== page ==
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May 13, 2013 in Current Affairs, News, Real Estate, Uncategorized, Weblogs | Tags: Alexandria, Arlington, buy, buyer, Centreville, Fairfax, Falls Church, Grantors Tax, homes for sale, Loudoun, Manassas, northern Virginia, NVTA, Prince William, Real estate, real estate market, remax gateway, Scott MacDonald, sell, Transportation Authority | Leave a comment
Big changes are on the forefront for Virginia real estate if you are selling or buying a house. The state Grantor’s Tax is going from $1.00 per thousand to $2.50 per thousand of the sales price or tax assessed value, whichever is higher on July 1, 2013. Here is the impact – on a sales price of $500,000 the fee is going to go from $500 to $1,250
The tax is typically paid by the seller in a resale scenario and the builder usually passes this fee on to the buyer. As a result, it has become a nominal cost associated with selling to one of a greater impact and one that will potentially bring attention to people on both sides of the table. In other states, including Maryland, this tax is absorbed by the seller with first time buyers, is split in most cases but in the end, is a negotiable item between the seller and buyer. It will be interesting to see if this becomes the case in Virginia. Our fee is less than Maryland’s but is still is significant enough to take notice and pay attention to what will be the impact as it becomes implemented and the prices increase.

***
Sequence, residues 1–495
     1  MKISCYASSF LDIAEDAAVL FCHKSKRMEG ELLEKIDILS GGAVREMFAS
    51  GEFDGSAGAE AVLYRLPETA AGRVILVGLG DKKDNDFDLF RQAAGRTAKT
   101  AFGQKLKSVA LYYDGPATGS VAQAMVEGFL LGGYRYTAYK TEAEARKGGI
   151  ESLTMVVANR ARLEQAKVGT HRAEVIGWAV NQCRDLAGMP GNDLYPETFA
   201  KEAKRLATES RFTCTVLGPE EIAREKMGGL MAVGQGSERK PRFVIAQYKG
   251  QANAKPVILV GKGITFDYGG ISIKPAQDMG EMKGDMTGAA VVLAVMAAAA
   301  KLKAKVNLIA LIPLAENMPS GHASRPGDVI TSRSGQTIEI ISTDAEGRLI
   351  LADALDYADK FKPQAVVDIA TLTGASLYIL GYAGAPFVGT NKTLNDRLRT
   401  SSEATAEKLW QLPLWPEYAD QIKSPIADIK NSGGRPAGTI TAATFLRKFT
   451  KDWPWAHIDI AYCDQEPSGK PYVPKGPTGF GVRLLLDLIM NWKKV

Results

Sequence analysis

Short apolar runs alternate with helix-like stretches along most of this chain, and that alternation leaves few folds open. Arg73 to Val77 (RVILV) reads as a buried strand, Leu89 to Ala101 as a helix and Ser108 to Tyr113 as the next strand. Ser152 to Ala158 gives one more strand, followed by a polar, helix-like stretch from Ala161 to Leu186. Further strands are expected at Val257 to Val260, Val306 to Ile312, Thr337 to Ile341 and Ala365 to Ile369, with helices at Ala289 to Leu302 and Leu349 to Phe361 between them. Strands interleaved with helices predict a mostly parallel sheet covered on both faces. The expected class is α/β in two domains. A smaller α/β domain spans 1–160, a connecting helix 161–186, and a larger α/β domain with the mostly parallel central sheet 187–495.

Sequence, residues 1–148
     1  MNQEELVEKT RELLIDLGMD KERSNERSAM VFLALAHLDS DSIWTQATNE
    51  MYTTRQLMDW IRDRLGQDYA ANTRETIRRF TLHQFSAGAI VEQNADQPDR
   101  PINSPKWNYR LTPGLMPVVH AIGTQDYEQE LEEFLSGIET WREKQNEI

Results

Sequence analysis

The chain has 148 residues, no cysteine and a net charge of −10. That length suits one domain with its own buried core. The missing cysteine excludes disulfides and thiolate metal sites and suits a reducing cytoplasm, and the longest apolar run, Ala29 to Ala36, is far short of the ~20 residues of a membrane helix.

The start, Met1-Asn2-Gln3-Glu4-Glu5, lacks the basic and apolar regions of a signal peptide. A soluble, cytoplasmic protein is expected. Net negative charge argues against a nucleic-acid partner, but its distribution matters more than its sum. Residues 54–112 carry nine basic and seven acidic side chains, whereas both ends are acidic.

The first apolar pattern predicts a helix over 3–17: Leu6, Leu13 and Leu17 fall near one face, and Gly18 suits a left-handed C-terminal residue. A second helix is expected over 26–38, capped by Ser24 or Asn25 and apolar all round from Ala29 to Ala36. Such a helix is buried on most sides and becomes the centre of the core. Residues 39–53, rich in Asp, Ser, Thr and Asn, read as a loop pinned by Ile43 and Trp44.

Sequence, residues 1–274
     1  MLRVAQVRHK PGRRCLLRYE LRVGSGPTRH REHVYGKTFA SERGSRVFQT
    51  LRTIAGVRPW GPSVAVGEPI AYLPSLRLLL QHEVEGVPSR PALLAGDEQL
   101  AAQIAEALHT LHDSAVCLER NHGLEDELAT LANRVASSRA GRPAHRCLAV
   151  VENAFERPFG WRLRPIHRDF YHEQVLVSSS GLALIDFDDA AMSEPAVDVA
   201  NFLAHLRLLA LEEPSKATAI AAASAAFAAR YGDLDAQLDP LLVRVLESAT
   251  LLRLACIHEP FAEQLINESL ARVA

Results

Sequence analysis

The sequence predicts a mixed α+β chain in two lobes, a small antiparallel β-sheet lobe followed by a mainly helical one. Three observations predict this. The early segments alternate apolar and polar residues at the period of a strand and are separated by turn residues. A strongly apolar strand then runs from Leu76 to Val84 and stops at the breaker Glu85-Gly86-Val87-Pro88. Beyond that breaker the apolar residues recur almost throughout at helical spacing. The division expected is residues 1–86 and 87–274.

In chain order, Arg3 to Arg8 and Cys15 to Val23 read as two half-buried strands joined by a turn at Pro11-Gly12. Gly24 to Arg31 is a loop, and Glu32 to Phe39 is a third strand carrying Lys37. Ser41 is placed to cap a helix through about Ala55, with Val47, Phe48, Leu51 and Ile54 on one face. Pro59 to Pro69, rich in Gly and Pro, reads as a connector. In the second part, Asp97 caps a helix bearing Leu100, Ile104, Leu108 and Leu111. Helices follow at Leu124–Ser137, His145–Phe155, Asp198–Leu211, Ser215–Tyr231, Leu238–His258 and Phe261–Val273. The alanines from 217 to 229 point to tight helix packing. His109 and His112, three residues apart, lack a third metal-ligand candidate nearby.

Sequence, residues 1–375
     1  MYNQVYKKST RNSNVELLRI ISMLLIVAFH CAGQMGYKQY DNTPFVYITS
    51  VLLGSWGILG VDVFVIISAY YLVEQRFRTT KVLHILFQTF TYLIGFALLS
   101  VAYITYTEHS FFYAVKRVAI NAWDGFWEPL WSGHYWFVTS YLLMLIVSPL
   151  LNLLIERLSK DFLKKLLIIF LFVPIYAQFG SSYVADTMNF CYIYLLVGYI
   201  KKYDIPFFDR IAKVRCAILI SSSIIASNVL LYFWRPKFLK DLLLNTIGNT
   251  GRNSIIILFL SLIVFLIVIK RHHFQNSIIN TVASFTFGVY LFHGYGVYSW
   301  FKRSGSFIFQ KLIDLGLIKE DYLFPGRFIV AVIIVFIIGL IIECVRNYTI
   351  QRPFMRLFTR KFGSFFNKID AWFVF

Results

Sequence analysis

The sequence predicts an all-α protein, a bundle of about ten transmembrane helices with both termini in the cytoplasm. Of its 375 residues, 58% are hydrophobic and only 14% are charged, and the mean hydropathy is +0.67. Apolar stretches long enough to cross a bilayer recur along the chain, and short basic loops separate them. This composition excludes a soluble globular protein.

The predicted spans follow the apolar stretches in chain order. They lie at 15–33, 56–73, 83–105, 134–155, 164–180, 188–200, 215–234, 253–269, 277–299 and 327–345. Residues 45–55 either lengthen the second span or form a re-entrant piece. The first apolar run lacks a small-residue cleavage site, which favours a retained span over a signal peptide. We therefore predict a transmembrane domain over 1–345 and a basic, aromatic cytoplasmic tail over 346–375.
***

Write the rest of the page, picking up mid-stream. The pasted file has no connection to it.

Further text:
The change goes into effect on July 1st so you will want to plan accordingly. This year July 1st falls on a Monday so in order to avoid paying the tax, we are encouraging our clients to close by the 26th of June. This will ensure the property gets recorded at the courthouse prior to the Friday rush that many title companies are expecting and save your money.
Many of you may recall that back in January of 2008, this tax went up 5 times so the same scenario listed above would have resulted in a $2,500 tax on the sale of properties in Virginia. Therefore, this increase is not as significant. In March of that year the Supreme Court of Virginia repealed the tax stating a transportation authority NVTA did not have the right to levy taxes.
The additional fees today are also put in place to cover costs associated with transportation initiatives and road improvements in Northern Virginia and Hampton Roads in an effort to ease the congestion in these regions. As such, this tax is only applicable to these regions. Let’s see some results, please.